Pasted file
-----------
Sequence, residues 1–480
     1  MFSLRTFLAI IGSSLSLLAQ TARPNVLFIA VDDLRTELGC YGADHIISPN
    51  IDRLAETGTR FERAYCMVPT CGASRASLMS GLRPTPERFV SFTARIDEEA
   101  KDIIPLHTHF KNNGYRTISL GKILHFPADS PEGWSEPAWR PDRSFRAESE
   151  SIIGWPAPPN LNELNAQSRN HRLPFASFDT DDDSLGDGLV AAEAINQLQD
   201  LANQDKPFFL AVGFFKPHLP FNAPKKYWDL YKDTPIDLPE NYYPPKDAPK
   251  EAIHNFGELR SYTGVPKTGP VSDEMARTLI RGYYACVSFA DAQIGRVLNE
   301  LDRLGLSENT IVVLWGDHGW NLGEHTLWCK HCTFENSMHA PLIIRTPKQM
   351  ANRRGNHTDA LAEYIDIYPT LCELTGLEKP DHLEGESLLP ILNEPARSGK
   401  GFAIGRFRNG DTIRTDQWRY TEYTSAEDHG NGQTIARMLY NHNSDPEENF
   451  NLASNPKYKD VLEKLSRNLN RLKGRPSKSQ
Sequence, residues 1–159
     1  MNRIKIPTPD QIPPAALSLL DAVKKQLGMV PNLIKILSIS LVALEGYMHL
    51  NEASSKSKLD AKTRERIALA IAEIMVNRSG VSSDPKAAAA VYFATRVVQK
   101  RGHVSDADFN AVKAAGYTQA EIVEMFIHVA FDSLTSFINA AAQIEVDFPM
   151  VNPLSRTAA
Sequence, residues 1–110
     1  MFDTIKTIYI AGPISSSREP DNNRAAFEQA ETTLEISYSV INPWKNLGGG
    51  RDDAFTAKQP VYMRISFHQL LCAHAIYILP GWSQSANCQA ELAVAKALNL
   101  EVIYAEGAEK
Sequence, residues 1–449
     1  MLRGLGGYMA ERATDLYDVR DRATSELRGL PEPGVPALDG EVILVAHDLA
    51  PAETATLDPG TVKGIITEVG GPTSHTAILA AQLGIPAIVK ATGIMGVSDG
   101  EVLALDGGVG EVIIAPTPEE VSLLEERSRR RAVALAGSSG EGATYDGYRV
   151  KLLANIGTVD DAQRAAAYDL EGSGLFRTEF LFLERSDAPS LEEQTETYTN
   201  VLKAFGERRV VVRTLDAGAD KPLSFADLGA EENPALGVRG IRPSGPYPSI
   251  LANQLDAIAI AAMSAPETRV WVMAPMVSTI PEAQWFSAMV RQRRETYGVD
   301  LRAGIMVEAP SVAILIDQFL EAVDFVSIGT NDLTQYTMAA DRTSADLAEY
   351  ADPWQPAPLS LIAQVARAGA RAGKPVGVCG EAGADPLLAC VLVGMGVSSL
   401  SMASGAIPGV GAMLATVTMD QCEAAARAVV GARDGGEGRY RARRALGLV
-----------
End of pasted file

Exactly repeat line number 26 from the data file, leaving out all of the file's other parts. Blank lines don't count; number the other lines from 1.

   201  VLKAFGERRV VVRTLDAGAD KPLSFADLGA EENPALGVRG IRPSGPYPSI